For patients, perhaps the most positive change would be having support services, psychologists, and schools working together to ensure the acceptance of disability. And because new multidisciplinary specialized centers that provide a life-span and family-centered support system are valuable for patients and parents, most of these centers – already working with social workers and/or psychologists  – should also work in collaboration with schools and workplaces.
Our study points to a number of areas for future investigation. First, we need to better understand the support needs of patients with severe OI beyond adolescence. For example, what are the needs of patients (and their families) when transitioning from the pediatric setting to adult care institutions? We also need to extend our perspective even further to explore the impacts of severe OI across generations. We need to add genetic counsellors to the support team, so young adults with severe OI can be informed about their reproductive choices.
Despite these findings and practical implications, this study has some limitations. First, while our research design based on the purposeful selection of severely affected patients yielded valuable data, such an approach may limit the generalization of our conclusions to other patients. Yet theoretical transfer is feasible for the clinical context defined by the boundaries in our study. It is also true that because we used a qualitative approach, we have no quantitative measure of the financial loss or impaired quality of life associated with OI, information that could be used to advocate for better support systems on behalf of families living with OI. Second, the sample size could have limited an exhaustive exploration of the impact of severe OI. Although an in-depth qualitative analysis was performed, further investigations are needed to examine variations in this impact according to severity of the disease.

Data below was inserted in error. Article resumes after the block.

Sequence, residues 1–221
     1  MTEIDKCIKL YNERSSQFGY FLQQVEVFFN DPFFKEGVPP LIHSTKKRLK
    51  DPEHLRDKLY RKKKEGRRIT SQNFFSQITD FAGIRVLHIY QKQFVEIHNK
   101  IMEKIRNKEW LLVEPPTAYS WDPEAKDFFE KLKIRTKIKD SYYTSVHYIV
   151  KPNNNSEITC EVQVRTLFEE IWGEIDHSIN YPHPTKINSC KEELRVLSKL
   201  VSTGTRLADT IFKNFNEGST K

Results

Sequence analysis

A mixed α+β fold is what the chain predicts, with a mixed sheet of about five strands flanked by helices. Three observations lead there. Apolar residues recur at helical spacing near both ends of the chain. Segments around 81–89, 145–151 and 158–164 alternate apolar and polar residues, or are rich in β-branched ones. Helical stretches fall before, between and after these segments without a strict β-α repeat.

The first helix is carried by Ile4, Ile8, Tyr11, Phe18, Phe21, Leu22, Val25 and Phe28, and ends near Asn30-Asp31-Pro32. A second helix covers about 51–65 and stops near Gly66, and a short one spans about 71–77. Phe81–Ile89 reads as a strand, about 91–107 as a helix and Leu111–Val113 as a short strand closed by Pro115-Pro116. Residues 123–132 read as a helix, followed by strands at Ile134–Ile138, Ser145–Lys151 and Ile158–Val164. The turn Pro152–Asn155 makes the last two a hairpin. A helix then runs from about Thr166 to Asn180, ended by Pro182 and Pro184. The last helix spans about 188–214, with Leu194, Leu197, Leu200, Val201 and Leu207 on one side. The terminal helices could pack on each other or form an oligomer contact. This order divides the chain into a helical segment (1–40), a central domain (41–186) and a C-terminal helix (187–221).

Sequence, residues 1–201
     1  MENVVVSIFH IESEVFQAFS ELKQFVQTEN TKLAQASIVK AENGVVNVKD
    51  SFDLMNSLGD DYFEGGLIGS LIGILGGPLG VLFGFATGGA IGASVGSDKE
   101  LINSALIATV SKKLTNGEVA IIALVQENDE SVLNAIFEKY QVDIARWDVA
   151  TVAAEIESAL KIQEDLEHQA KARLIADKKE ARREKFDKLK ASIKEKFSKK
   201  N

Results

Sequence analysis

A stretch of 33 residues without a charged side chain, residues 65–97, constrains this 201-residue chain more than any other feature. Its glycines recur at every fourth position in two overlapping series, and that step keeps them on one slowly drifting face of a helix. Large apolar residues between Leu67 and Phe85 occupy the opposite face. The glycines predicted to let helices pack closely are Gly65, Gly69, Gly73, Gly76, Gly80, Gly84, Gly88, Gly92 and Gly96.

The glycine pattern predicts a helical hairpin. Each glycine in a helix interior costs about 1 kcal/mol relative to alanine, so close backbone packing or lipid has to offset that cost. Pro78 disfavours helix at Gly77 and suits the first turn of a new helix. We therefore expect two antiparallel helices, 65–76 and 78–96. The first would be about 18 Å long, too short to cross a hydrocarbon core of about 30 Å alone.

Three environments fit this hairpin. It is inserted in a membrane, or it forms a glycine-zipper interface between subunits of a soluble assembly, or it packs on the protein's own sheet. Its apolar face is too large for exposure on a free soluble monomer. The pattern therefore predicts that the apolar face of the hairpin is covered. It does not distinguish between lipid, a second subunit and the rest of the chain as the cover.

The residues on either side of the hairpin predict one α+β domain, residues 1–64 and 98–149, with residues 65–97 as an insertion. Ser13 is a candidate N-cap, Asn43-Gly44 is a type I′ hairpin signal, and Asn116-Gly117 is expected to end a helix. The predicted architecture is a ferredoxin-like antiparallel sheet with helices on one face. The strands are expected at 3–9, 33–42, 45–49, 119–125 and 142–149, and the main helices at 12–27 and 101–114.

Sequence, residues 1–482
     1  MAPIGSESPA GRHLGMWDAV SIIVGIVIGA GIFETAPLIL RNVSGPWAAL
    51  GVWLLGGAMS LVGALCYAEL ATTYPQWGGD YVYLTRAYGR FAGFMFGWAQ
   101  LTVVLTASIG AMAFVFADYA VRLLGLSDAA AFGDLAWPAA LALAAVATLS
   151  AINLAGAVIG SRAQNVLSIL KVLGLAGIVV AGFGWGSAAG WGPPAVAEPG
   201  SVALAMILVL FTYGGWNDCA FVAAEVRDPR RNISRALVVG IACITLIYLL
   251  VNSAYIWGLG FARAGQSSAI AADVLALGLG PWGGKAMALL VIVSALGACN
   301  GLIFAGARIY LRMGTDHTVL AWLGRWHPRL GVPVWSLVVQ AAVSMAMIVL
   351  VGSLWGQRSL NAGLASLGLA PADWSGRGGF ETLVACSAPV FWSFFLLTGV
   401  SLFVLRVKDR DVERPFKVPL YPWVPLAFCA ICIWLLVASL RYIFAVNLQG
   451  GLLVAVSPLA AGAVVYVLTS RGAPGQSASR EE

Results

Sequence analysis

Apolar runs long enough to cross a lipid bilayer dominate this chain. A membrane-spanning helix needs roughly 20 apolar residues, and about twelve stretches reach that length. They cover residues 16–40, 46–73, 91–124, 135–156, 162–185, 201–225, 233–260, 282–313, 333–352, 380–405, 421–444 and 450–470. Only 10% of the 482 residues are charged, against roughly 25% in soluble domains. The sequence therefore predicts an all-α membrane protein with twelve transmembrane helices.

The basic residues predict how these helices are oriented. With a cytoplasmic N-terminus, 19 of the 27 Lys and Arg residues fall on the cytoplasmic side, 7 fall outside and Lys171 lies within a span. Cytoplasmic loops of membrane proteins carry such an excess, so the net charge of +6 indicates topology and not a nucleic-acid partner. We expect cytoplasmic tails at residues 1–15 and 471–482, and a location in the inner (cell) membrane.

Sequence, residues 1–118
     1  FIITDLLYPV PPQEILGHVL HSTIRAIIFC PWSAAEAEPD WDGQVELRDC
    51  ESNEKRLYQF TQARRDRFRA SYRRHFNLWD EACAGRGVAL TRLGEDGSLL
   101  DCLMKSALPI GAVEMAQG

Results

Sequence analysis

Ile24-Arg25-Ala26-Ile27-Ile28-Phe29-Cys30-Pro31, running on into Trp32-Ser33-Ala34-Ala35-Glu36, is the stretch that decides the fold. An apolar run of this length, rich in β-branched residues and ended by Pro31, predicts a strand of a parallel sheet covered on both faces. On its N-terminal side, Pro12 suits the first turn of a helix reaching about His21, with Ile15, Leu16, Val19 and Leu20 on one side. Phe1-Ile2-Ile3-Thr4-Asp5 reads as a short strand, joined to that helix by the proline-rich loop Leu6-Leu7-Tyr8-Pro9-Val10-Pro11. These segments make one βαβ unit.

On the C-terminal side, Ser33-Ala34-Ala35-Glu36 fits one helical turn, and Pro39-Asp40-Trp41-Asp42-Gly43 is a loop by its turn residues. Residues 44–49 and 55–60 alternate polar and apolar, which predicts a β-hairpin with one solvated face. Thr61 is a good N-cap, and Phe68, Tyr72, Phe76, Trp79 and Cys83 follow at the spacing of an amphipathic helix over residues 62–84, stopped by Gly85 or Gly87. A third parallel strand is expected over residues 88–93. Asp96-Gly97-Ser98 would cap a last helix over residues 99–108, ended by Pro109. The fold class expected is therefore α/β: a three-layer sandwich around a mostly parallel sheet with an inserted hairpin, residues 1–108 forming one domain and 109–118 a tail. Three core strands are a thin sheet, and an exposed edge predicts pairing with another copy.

In conclusion, living with a diagnosis of severe OI can be devastating for parents, yet most of them eventually redefine life, creating a “new normal” life characterized by ups and downs, challenges and change, but also positive experiences. Patients with severe OI also face many challenges, and they too tend to develop a positive mindset. These findings reveal a number of specific support needs and suggest that these needs would be best met by a tailored life-span and family-centered support system delivered through specialized genetic disease centers.
This study was supported by the Shriners of North America; the Network for Oral and Bone Health Research (RSBO), which receives funding from the Fonds de la Recherche du Québec- Santé (FRQ-S); and the MENTOR program, which receives funding from the Canadian Institutes of Health Research. These sponsors had no involvement whatsoever in determining the content of this paper. We are also very grateful to the families who participated in this study.
We want to thank Guylaine Bedard for artwork.